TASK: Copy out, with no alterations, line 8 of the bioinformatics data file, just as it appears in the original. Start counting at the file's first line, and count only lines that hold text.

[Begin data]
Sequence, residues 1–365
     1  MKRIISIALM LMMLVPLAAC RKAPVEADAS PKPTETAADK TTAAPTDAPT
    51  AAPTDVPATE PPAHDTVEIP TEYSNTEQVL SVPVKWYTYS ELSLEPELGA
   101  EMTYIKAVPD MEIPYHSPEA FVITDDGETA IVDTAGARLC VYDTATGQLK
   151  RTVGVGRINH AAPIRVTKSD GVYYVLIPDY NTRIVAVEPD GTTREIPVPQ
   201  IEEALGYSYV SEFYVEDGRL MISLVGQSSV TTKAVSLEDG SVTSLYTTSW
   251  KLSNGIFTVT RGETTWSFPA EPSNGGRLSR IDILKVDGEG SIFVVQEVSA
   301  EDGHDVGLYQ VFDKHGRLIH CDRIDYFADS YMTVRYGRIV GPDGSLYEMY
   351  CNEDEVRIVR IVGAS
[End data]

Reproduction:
   301  EDGHDVGLYQ VFDKHGRLIH CDRIDYFADS YMTVRYGRIV GPDGSLYEMY